Even as we understand the drum and its unique contribution to the cultural need for quality of life and connection, it should not be mistaken as a cure. Taking vitamins will not cure your cold. They will, however, help your system build its defenses against its susceptibility to viruses. Drumming is not a panacea. Even penicillin does not help every person. The drum is not like a pill. You can’t just take two and call someone in the morning. It is the process of participation that creates change. We are learning more about the form of group drumming and the skills of the facilitator that are most useful in the life-enhancement paradigm of music-making. The use of world percussion instruments seems to be a key.
Playing with our hands or a single mallet makes drumming most accessible The crucial element seems to be the focus on fun, self-expression, support, and connection. These are much more important than whether people can read a sheet of music, play a paradiddle, or count out different metric signs. In fact, without any knowledge of specific rhythms, I have seen many music-therapy clients play amazing rhythms. I remember one drum circle with a group of Alzheimer’s patients in which a woman started a rhythm in 5/4. As if that wasn’t amazing enough, the whole group followed along, completely unaware of the complexity of what they were doing – sounding fantastic and having a blast!
A pharmacy exists in my mind where drums are shelved next to St. John’s Wart as a homeopathic mood-enhancer. Where a directory of “rhythmic health facilitators” sits on the counter at which you pick up your prescriptions. Where a pharmacist hands customers an information page listing local drum circles in the community.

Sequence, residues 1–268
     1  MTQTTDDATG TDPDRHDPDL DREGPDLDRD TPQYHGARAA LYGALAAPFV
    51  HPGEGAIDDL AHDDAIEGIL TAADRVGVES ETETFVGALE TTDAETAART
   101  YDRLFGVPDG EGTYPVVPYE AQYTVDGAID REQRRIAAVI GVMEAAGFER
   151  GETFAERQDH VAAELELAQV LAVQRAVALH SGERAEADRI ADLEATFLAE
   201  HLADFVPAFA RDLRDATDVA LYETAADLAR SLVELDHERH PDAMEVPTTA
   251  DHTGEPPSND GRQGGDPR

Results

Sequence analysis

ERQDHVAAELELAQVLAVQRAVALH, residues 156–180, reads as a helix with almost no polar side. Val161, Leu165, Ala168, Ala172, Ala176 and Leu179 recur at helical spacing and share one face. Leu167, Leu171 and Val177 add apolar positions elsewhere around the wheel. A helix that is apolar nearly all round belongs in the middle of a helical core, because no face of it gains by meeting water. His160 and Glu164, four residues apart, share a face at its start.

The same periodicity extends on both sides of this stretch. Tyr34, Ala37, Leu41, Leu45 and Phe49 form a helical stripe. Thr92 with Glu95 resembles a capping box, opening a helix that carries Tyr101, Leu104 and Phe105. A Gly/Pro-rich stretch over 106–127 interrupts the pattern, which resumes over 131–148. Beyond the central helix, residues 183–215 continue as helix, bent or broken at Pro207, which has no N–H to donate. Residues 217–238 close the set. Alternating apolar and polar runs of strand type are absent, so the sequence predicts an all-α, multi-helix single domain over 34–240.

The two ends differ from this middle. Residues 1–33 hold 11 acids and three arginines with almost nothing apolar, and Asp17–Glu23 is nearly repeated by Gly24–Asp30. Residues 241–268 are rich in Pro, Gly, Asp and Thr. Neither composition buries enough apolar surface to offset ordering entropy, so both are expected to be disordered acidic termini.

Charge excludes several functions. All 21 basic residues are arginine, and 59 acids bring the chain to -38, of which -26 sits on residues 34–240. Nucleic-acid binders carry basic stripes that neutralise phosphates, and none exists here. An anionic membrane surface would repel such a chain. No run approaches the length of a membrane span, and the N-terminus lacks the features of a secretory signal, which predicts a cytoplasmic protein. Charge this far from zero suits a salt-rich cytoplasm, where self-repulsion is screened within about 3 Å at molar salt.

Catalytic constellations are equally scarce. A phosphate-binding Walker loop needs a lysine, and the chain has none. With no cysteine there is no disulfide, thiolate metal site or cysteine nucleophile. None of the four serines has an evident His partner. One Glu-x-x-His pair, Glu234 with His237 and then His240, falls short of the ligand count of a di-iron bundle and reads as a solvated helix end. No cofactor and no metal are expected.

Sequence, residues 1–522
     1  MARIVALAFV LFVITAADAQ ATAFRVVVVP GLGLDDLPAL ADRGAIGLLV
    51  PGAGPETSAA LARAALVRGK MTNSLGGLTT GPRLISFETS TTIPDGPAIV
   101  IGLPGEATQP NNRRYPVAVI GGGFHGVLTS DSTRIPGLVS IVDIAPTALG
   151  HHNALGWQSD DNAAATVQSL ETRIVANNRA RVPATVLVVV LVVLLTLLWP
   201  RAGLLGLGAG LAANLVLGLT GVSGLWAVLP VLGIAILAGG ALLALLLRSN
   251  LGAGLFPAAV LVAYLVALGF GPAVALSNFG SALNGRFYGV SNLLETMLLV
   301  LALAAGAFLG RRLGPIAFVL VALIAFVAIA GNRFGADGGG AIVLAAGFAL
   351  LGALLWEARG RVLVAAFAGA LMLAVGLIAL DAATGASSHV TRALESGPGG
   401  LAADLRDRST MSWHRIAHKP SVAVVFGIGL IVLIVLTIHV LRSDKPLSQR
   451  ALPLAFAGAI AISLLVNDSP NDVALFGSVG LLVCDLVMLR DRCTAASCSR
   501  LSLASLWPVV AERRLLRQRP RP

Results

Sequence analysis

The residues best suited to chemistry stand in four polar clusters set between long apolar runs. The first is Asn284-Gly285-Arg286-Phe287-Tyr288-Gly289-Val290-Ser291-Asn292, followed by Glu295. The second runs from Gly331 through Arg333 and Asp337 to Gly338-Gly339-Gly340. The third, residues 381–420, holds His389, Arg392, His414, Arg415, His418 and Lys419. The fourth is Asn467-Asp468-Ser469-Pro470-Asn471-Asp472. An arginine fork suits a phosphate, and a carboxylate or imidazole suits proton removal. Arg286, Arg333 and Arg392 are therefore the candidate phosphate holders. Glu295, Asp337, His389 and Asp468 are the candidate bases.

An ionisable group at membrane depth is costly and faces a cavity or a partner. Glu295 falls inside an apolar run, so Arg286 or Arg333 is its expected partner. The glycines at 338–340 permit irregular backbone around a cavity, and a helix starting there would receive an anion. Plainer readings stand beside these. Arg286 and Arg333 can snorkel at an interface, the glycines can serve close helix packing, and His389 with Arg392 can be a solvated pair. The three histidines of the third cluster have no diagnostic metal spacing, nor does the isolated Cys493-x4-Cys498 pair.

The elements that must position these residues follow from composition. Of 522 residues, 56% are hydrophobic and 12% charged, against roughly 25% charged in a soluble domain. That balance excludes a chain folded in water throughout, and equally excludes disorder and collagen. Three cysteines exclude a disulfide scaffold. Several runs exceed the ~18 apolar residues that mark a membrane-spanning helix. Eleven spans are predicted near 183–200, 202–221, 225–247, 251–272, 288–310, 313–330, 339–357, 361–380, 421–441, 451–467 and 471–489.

The next five years will hold some amazing cultural changes as the rhythm of percussion continues to provide a strong track for the dance of the growing interest in health and wellness. With drumming and wellness receiving press in such popular magazines as Discover (August 2001), First for Women Magazine (August 27, 2001), Time (May 7, 2001), and Prevention (June 2001), it won’t be long until this movement is embraced globally.
Given the tenants of Eastern medicine, the drumming and wellness paradigm is already becoming popular in Asia. In a recent Remo tour of five Asian countries, John Fitzgerald and I facilitated an out-door community drum circle in the People’s Republic of China. It was revolutionary. And behind the two hundred smiling faces there was a giant banner that read “Drum Circle and Music Health Workshop.”
“Music health workshops” exist in every session of the Empower Asthma Management Program for those children who get to express their own rhythms while learning about their disease. They exist in the music therapy sessions where Alzheimer’s patients play paddle drums and experience a quality of life that is difficult to reach from their state of illness. And they exist in the programs of rhythmical health facilitators who understand how drum circles contribute to the lives of many thirsty people looking to enhance their mind, body, and spirit through music.